Experimenter-in-chief Sam Brownback.

Photographer: David Paul Morris/Bloomberg

Kansas Tried Tax Cuts. Its Neighbor Didn't. Guess Which Worked.

Justin Fox is a Bloomberg View columnist. He was the editorial director of Harvard Business Review and wrote for Time, Fortune and American Banker. He is the author of “The Myth of the Rational Market.”
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For the past few years, Kansas's Republican Governor Sam Brownback and his allies in the state's legislature have been conducting a fiscal experiment involving big cuts in income taxes for individuals and businesses. The theory was that this "march to zero income taxes," as Brownback has called it, would spur entrepreneurship, economic growth and lots of job creation -- 25,000 new jobs in each of the next four years, Brownback pledged during his successful re-election campaign in 2014.

There have been repeated budget shortfalls since Brownback first took office in January 2011, which have led to repeated proclamations in the national news media that the Kansas experiment has failed. In the sense that the tax cuts haven't paid for themselves, that's true.

But the budget crises have helped Brownback push through the policies he favors -- he and the legislature have so far made up for the lost revenue with increased sales taxes and cutbacks in spending on education and other government functions. One goal, as prominent backer (and index-fund pioneer!) Rex Sinquefield explained last year, is to shift taxes from income to consumption. Another is just to shrink the state government.

Has this approach succeeded in stimulating Kansas's economy and creating jobs? To know that for sure you'd have to know what would have happened in the absence of Brownback's experiment, which is of course not possible. But there is a simple substitute -- just look at what's been happening in Nebraska.

Kansas has more people than its neighbor to the north: 2.9 million to 1.9 million. But by other measures -- median household income, per-capita income, percentage of the population living in urban areasacreage under cultivation -- the two states are pretty similar. They're also both run by Republicans, although Nebraska's legislators are elected via a nonpartisan primary and runoff that seem to reward moderation in a way that Kansas's more conventional elections don't. While Nebraska has elected governors with Brownbackian opinions on taxes, the legislature has yet to approve a Kansas-scale tax experiment. Which makes it an imperfect but possibly useful scientific control.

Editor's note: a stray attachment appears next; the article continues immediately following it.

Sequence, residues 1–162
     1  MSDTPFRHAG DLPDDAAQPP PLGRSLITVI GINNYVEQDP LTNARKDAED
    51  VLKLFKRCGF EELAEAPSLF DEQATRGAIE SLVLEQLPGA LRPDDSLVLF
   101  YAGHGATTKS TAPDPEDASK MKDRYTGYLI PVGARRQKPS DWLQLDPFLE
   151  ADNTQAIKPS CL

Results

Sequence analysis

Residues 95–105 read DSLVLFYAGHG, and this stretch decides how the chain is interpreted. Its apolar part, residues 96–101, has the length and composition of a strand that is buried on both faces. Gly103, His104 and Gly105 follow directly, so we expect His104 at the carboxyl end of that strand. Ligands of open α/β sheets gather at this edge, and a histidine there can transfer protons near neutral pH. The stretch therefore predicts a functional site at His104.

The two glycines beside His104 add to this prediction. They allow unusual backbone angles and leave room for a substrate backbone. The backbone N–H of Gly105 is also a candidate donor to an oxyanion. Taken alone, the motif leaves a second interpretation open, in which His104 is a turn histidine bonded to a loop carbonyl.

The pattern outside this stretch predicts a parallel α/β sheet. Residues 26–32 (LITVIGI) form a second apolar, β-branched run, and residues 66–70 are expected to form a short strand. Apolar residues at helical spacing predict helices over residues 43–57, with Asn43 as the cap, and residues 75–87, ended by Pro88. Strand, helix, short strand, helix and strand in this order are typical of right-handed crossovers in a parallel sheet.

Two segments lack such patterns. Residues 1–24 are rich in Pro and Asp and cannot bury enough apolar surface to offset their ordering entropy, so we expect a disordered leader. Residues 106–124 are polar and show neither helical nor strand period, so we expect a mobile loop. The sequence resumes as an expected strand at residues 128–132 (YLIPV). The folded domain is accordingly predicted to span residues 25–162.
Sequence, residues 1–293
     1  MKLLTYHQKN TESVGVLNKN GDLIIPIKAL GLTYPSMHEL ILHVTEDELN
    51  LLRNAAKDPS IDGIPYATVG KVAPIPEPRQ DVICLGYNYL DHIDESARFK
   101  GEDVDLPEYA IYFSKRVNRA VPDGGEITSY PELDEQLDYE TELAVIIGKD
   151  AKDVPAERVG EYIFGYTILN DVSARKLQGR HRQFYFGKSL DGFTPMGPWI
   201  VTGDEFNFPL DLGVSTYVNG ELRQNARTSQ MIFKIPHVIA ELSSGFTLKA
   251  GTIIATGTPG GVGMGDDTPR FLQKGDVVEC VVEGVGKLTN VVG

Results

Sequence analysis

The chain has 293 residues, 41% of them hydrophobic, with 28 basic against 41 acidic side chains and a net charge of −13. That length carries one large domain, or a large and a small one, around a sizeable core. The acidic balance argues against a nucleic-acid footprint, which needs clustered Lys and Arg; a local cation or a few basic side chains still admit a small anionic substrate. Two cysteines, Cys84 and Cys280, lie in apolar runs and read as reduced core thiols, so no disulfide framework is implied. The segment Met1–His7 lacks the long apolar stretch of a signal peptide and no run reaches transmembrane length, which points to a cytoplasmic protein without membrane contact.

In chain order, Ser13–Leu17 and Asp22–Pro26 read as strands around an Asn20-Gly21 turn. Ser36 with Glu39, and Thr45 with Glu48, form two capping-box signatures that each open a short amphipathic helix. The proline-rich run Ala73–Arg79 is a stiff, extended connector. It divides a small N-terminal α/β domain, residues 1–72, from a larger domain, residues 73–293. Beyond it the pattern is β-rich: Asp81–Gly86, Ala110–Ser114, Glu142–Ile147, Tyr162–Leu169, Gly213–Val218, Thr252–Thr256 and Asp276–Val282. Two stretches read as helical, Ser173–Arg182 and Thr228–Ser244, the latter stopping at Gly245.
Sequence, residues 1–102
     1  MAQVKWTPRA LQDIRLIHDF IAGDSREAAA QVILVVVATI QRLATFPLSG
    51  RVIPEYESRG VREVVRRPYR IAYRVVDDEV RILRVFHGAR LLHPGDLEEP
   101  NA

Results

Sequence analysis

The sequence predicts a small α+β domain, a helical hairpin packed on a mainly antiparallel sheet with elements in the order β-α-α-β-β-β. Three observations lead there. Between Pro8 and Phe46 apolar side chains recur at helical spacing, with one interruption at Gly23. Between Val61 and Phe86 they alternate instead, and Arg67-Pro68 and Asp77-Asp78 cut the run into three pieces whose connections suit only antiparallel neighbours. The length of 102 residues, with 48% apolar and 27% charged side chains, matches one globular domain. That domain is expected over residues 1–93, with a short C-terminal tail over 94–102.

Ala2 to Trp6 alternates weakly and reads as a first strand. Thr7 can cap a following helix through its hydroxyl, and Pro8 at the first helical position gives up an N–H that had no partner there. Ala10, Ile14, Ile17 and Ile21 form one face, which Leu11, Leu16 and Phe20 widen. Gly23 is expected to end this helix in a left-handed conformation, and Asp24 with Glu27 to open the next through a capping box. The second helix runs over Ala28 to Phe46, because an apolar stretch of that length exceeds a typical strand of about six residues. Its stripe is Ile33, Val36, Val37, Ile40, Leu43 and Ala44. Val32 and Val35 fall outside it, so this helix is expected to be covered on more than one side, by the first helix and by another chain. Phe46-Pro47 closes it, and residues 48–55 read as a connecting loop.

With that in mind, here's where the two states' unemployment rates have gone since Brownback took office:

Kansas doesn't look bad at all here: The unemployment rate remains higher than in Nebraska (which is tied with Colorado for fourth-lowest unemployment rate in the country), but it has fallen farther. Still, sometimes the unemployment rate falls because fewer people are looking for work. And, in fact, employment has been rising more slowly in Kansas than in Nebraska (I've indexed the two states' employment totals to a shared starting point of 100 to make them easier to compare):

Kansas has lagged Nebraska in job creation since 2011, and the gap has widened since late 2014. Instead of adding the 25,000 jobs a year that Brownback promised, Kansas actually lost 5,400 jobs over the 12 months ending in February.

I remembered from a recent column about states with struggling economies, though, that Kansas ranks 10th among U.S. states in crude oil production (Nebraska is 22nd, with only a tiny fraction of Kansas's production), so I wondered if it was the oil bust of the past year that had dragged the state down. I stripped out oil-related jobs, and got this:

This doesn't look great for Kansas. The overall gap is only slightly smaller, and the growing divergence in performance since 2014 is still apparent. That could be because a higher percentage of Kansans than Nebraskans work in manufacturing, and the current global economic slowdown has been tough on manufacturers. Again, Nebraska isn't a perfect comparison. But overall, while I think it's too early to label the Kansas experiment a failure, it hasn't delivered impressive results on the job front.

Then again, how could any reasonable person have expected that it would? When Brownback took over, Kansas was a state with a below-average tax burden in a part of the country that wasn't growing very fast. The Midwest remains the region of the U.S. with the slowest 5-year population growth, according to the Census Bureau. The tax cuts may eventually knock Kansas a few rungs down in the tax rankings (the most recent data available is from 2012), but by themselves they're not going to turn it into Texas -- a fast-growing, low-tax state that Brownback has often named as an economic model. In the meantime, the damage being inflicted on the state's educational system may begin to exercise an economic drag of its own. Tax rates matter, but so do lots of other things.

  1. The monthly state employment numbers from the Bureau of Labor Statistics don't break things down further than "mining and logging." Having driven through Kansas and Nebraska, I am confident that they don't have significant logging industries, and data from the Quarterly Census of Employment and Wages indicates that most mining employment in Kansas is related to oil and gas extraction. (Nebraska has hardly any mining employment at all.) So I took the monthly mining and logging jobs numbers for both states, tripled them to roughly reflect the multiplier effect of such jobs, then subtracted those figures from the state employment totals.

This column does not necessarily reflect the opinion of the editorial board or Bloomberg LP and its owners.

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Justin Fox at justinfox@bloomberg.net

To contact the editor responsible for this story:
Zara Kessler at zkessler@bloomberg.net